Waste pile is finally on the right track
Tonnes of rubble were dumped at side of railway
helped him to be able to do that. We felt so lucky to have the nurses there to help with dad’s medication and to just talk to and ask for advice.” A MOUNTAIN of rubbish that caused misery for neighbours has finally been cleared despite the company to blame disappearing completely from the records.
Nearly 88,000 tonnes of waste had lain for the past seven months alongside railway sidings at Thorney Mill, Iver, and had at points reached 12 metres high,
The pile of building material, concrete, and road surface, which stretched for a quarter of a mile at a rail freight d depot between Thorney P Park Golf Course and the River Colne, was brought there by waste company LSD in 2011.
They had originally intended to move it on by rail to a landfill site, under
CLEAN UP: Above the remains of the rubble and left, the nearly 88,000 tonnes that was left at Thorney Mill sidings the terms of the land’s Lawful Use Certificate, but neighbours soon complained that concrete and rubble was being illegally stockpiled, crushed and sieved.
The county council’s enforcement team was called into action in 2013 and along with rail freight company D B Schenker Rail UK and waste management company FCC Environment managed to move it to the Calvert landfill site in the north of the county.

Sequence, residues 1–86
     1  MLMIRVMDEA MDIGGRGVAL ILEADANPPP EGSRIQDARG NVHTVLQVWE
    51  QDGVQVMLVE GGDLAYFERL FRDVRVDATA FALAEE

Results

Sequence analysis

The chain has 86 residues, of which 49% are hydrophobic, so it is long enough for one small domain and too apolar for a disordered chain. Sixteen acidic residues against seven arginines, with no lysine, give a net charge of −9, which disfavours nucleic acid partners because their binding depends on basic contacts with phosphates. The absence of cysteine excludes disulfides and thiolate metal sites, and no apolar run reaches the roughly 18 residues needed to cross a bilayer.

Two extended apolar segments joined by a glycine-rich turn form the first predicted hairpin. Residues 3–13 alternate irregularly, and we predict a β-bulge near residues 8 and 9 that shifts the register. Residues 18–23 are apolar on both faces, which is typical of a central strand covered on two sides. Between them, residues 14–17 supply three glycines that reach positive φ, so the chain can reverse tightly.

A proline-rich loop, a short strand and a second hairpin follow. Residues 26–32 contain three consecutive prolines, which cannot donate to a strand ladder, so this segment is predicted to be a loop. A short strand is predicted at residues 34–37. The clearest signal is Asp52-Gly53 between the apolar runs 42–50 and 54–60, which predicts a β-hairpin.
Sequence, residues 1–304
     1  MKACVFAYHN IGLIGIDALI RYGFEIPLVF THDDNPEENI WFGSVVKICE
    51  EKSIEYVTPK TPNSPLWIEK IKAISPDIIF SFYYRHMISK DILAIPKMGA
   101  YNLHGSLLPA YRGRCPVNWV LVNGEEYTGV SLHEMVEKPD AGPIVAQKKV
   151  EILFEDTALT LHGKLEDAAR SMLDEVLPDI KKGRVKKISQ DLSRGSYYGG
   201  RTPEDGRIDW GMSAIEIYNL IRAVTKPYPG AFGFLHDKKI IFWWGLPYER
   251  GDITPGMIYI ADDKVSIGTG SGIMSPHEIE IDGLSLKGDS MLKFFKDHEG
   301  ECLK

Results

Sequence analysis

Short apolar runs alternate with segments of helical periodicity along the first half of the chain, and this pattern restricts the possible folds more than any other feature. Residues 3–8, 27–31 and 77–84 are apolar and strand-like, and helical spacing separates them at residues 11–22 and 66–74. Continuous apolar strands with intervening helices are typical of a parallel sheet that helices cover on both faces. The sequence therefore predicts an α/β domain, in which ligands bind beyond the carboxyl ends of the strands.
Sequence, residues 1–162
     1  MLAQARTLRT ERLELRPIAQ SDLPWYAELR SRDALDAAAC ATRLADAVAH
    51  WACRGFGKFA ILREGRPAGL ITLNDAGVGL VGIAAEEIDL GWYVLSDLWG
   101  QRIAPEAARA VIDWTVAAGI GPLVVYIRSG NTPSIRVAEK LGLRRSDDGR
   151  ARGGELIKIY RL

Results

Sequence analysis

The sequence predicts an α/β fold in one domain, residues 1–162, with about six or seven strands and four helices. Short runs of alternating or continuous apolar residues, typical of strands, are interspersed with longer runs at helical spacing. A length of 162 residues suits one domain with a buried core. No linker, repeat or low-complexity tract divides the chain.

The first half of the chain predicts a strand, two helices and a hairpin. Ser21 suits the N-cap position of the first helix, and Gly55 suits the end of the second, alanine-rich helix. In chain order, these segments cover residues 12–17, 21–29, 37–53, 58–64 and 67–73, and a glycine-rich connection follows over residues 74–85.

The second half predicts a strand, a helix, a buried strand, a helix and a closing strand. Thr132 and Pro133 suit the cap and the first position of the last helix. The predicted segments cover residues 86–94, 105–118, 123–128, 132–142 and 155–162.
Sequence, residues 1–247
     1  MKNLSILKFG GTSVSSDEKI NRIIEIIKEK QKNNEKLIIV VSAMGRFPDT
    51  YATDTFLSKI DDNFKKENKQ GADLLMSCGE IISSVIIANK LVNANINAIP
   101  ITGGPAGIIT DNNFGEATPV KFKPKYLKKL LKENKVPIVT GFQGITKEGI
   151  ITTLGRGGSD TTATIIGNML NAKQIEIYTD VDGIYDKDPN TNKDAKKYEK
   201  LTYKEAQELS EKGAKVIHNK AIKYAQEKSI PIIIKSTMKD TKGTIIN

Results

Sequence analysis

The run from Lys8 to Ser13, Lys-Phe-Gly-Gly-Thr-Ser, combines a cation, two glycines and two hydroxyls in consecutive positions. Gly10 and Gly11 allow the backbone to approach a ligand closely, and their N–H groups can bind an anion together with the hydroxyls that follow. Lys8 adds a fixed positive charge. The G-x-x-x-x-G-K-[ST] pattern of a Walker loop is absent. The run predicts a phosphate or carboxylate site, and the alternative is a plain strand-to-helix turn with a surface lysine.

Enforcement officer Olivia Stapleford said: “‘This definitely wasn’t allowed so we acted to stop it.
“But suddenly the company disappeared and we could find no trace of them. So we had a mountain of waste that could be moved legally only by rail, and no one with any trains to shift it. It just sat there, and we weren’t going to allow to be moved by road.”
County councillor Ruth Vigor-Hedderly said: “This mountain of stuff would have taken well over 4,000 lorries to move by road, and I was determined my residents were not going to be put through that kind of misery. There are already too many heavy goods vehicles using sensitive routes around the area.”
It is believed the joint operation saved the county council more than £1.5 million in disposal costs and taxes.